Conductor Pablo Heras-Casado returns to San Francisco Symphony this week for four performances beginning Thursday, Feb. 14 through Sunday, Feb. 17. The program begins with the West Coast premiere of Magnus Lindberg's EXPO, a piece that was commissioned by the New York Philharmonic and which opened the orchestra's 2009 Season with Alan Gilbert as its newly appointed Music Director. The program continues with Liszt's Piano Concerto No. 2 featuring pianist Stephen Hough and concludes with Prokofiev's Symphony No. 5.
Heras-Casado is one of the most versatile and most sought after young conductors in the world today. Last Thursday night he made his conducting debut at Carnegie Hall with the Orchestra of St. Luke's. He was appointed their Principal Conductor in 2011. It's not often that I am able to catch an artist still in the afterglow of his debut at Carnegie Hall. Add to that energy the rush of his having to fly out of New York the following morning on a non-stop to San Francisco just as an encroaching snow storm was about to bring NYC and other areas of the East Coast to a frozen standstill.
Pablo Heras-Casado. Photo, Jean François Leclercq
"I've been working a lot in this country during the last four years," says Heras-Casado, "so Carnegie Hall was an important landmark for me. It was a very exciting experience and a very important moment, not only because of the debut, but especially for being with my orchestra."
His elegant program opened with Beethoven's Overture to Egmont and was followed by Chopin's Piano Concerto No. 2 played by Christian Zacharias, concluding with Debussy's Five Preludes and Schumann's Symphony No. 4. I asked Pablo about his participation in programming the concerts -- the selection process when one is the resident conductor of an orchestra compared to that of being the guest conductor with an orchestra such as San Francisco Symphony. He said:
This is something I talk about with a lot of anticipation -- what the orchestra is doing -- one or two seasons in advance. Normally a program is discussed together with the Artistic Administrator of the orchestra, the person who cares about what you want to offer to the orchestra, to the audience and with which you feel comfortable. With San Francisco Symphony, I know the orchestra quite well. I've conducted here for two consecutive years and have done quite a wide selection of repertoire. This being my third appearance, I wanted to bring something different, not only to the audience but something that brings another perspective to my relationship with the orchestra and them with me. It's the same for me with the Orchestra of St. Luke's. I offered a wide selection of music, but also stayed consistent with their needs. I think it worked out very well.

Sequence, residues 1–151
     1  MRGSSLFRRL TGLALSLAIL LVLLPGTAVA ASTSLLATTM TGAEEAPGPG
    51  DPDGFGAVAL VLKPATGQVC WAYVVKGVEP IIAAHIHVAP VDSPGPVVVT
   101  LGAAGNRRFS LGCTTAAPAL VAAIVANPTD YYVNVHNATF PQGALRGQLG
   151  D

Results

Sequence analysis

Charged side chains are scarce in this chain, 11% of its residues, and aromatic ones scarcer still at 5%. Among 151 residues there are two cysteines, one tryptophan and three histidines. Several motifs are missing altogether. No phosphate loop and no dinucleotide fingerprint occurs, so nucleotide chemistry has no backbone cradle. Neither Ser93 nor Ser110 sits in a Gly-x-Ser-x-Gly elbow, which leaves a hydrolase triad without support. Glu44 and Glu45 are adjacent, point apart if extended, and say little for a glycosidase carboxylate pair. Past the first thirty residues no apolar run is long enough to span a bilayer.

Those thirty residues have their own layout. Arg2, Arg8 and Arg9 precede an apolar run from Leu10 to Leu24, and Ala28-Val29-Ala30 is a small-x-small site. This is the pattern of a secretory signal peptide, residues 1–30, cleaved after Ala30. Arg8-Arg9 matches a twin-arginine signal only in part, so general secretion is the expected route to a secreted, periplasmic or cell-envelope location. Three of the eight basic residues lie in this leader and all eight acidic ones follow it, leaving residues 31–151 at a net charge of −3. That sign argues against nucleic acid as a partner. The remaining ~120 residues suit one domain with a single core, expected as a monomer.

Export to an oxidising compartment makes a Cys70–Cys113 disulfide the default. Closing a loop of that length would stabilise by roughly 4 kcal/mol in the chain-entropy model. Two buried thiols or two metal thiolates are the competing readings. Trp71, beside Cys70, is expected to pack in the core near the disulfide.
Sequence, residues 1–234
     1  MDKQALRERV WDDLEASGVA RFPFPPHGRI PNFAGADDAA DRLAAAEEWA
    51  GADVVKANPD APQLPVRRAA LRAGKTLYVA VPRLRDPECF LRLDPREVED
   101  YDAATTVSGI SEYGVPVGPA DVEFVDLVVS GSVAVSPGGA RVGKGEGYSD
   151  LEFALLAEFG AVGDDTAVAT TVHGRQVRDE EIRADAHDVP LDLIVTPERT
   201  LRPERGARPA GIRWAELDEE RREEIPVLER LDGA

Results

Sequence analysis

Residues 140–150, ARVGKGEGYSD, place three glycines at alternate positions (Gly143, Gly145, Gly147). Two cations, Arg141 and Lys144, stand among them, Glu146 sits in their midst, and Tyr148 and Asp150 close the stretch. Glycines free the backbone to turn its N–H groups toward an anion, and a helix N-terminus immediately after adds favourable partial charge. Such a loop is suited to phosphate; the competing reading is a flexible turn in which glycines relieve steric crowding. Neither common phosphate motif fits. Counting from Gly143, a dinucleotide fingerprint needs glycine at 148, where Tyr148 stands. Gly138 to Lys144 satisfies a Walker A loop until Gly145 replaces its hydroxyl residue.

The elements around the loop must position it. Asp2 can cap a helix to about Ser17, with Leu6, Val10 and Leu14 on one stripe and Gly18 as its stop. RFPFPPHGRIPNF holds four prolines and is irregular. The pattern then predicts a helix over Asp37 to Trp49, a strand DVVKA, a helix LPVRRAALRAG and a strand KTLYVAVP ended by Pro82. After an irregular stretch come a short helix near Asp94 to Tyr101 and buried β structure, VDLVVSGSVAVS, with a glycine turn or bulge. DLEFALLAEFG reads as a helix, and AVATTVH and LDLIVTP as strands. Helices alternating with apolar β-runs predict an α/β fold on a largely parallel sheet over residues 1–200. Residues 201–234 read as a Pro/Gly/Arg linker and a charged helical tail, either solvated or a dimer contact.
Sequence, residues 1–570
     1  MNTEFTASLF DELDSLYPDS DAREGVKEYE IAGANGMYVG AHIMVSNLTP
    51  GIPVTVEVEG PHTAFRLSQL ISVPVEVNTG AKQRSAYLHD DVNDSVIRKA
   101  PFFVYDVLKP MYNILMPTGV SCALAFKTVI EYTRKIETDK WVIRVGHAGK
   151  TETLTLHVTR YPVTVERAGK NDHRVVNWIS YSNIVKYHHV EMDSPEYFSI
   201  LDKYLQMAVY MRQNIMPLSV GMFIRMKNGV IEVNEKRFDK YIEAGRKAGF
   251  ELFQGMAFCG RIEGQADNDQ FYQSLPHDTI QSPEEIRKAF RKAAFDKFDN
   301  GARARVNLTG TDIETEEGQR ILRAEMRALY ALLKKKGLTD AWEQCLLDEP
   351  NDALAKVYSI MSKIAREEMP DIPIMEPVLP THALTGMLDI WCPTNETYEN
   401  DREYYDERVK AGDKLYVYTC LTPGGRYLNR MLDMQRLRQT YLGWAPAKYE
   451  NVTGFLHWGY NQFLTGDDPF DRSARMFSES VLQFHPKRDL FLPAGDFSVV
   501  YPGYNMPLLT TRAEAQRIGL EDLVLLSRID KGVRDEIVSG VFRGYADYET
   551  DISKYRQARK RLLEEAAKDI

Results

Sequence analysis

"It feels like our perspective is going to be challenged with your opening selection, EXPO, by Magnus Lindberg," I said. "What can we look forward to in this West Coast premiere of the work?" He noted:
The spirit of the piece will show the orchestra's best qualities," he responded. "It's a great opener for a concert. It's a work I know very well and have already conducted a couple of times. It's an absolutely brilliant piece which Lindberg wrote while he was the Composer-in-Residence for the New York Philharmonic. He composed it when he was in a celebratory mode. EXPO has a very condensed shape. The idiom Lindberg uses is one that connects very strongly with the orchestra's qualities and, in my experience, connects immediately with the audience. It is not a piece that is reflective and subjective. It is very objective. It uses musical language in a very objective way and displays a strong rhythmic spark and excitement. EXPO makes an impression with both the orchestra and the audience.
In other words, a showpiece.
Sharing the spotlight is pianist Stephen Hough playing the Liszt Piano Concerto No. 2. Since his last appearance with San Francisco Symphony in 2009, Mr. Hough has appeared with major orchestras around the world and become the Artist-in-Residence with the BBC Symphony. And audiophiles take note! Stephen Hough is a prolific recording artist. This season Hyperion Records is releasing his album of solo piano pieces by French composers and another featuring Hough with the Salzburg Mozarteum Orchestra in Piano Concertos Nos. 1 and 2 by Liszt. When conducting the piano concertos of either Chopin or Liszt, I asked Conductor Heras-Casado if he noticed a difference in how he relates to the pianist.